Posted By Monique Dever On April 8, 2015
Our Guest – Dr. Stephanie Bailey, Dean and Director of Public Health Initiatives, College of Health Sciences, TN State University
Over the years, physicians and healthcare providers have played a role in addressing many of the non-medical issues – absolutely! Doctors are educated – you learn to take the history, you learn to do the physical and then you confirm with the laboratory. The history is the key piece of the “art of medicine.” You talk about social issues: where the patient has traveled, how they were raised, where they live, what they eat, how they go about their day – that’s all part of the review of systems as I go from head to toe, but it takes time. By the time I finish the history, oh my, I should be clued in on my diagnosis. You then have the laboratory and the physical exam to confirm that diagnosis. So really, the art of medicine is the story.
We’ve gotten away from that for so many reasons: because of litigation, because of how things are reimbursed; and then how most of your money – 17% of our GDP – goes to healthcare but only less than 2% is for public health. In today’s practice, the perfect system of health would be a health system like we first talked about when I was at CDC. In general, people are born basically healthy. People then go through a period while aging, or as environments or events impose on them, where you move from a safer, healthier people to vulnerable people; then people become affected without complications, and then affected people with complications. Right now, most of our GDP dollars are spent around the affected people with complications.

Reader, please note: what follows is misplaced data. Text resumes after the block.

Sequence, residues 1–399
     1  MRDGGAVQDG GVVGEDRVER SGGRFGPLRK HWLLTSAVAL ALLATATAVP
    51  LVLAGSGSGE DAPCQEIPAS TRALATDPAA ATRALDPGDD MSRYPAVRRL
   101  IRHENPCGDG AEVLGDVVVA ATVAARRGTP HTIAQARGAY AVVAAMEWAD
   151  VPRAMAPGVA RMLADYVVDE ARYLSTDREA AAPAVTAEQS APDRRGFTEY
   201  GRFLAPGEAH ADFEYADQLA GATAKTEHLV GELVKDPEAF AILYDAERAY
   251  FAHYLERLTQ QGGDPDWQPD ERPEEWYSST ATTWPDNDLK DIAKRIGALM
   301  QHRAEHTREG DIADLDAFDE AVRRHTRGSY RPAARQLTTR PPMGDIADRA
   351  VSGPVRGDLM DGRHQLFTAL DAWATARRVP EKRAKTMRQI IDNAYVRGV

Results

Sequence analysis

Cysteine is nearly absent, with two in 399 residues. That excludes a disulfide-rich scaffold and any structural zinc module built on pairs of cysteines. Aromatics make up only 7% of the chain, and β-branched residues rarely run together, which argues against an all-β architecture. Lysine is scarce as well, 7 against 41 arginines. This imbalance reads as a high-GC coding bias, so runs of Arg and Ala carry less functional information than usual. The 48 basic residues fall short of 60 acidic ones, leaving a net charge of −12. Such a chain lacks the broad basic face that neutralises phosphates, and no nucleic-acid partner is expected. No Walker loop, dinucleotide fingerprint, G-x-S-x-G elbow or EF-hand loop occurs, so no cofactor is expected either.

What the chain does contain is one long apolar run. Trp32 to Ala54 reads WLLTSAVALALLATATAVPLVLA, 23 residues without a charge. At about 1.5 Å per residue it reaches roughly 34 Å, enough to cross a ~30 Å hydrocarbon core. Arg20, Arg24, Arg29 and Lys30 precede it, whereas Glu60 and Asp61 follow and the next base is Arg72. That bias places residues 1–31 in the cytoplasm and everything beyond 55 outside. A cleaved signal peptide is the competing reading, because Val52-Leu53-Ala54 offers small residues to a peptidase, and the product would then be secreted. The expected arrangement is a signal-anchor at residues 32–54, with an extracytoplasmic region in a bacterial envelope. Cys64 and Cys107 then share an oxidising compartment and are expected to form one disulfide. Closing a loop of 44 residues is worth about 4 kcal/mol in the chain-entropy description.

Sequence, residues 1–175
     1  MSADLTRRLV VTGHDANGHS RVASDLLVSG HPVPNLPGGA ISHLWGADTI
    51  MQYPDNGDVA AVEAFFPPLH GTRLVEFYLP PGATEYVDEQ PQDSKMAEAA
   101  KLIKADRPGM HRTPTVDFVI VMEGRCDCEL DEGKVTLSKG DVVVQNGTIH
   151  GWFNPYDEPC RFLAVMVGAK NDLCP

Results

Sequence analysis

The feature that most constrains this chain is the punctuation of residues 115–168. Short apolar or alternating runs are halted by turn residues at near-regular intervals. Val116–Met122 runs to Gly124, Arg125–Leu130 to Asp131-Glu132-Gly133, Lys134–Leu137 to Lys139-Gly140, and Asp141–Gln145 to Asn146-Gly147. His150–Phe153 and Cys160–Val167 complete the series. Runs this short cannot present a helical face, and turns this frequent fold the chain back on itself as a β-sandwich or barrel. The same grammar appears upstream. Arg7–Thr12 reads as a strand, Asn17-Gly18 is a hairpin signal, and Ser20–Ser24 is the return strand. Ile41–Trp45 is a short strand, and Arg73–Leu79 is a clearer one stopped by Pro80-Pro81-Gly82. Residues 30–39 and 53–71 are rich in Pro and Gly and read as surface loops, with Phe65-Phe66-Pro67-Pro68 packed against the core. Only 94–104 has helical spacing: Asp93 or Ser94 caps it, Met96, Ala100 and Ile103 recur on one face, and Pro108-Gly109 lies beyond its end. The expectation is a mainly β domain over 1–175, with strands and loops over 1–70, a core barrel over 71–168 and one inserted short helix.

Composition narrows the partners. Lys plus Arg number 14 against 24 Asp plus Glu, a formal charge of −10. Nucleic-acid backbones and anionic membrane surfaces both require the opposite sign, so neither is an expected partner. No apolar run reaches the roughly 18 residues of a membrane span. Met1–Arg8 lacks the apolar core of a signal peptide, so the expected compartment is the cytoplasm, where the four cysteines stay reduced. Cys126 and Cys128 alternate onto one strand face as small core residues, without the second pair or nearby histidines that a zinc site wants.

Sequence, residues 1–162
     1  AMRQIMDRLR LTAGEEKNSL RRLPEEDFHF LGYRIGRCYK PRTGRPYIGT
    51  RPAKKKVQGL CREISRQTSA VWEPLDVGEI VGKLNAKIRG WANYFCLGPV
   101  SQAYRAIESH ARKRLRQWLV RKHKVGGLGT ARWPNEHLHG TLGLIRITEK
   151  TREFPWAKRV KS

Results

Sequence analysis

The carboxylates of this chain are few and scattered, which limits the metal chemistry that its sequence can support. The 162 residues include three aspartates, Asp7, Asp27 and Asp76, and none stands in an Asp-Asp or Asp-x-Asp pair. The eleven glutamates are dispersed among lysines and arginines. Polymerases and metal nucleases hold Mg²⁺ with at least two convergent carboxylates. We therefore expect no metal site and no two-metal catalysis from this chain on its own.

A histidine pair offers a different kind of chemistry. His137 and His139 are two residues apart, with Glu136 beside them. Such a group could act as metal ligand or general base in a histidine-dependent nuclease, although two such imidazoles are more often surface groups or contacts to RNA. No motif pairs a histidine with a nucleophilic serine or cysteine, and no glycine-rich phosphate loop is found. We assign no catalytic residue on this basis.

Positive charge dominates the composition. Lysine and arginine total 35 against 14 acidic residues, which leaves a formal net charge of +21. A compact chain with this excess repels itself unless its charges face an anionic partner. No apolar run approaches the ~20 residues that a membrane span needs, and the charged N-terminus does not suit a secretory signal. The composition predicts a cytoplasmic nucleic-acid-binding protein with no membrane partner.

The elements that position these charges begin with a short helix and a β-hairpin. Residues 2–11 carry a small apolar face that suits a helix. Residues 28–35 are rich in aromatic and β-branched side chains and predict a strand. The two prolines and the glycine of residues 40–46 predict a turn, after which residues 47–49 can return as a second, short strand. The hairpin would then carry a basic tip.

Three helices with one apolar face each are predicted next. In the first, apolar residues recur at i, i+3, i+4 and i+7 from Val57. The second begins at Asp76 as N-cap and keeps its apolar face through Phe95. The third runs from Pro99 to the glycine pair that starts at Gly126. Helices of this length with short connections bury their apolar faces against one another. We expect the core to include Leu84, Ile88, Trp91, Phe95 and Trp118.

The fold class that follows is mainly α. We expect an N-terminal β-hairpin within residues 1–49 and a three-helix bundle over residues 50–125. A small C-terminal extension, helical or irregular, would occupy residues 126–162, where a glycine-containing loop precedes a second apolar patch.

We’re not very good at reversing things. When a person is born there are things you can put in place that make you less vulnerable to disease and things: immunization is a good one, eating right is another one to affect chronic disease; not smoking, or creating an environment which is healthy. All these actions can prevent people from moving into a vulnerable state or back to a safer and healthier environment. Unfortunately, the least amount of money is spent at this end of the spectrum, where the core of the public health system lies. If we could put these two ends of the spectrum in equal balance, than we would have a health “system”. That’s protection for life, and that’s where I’d like to see us get to over time.
This blog is an excerpt from our interview conducted with Dr. Bailey. For more of Dr. Bailey’s Q&A, read her full Expert Interview.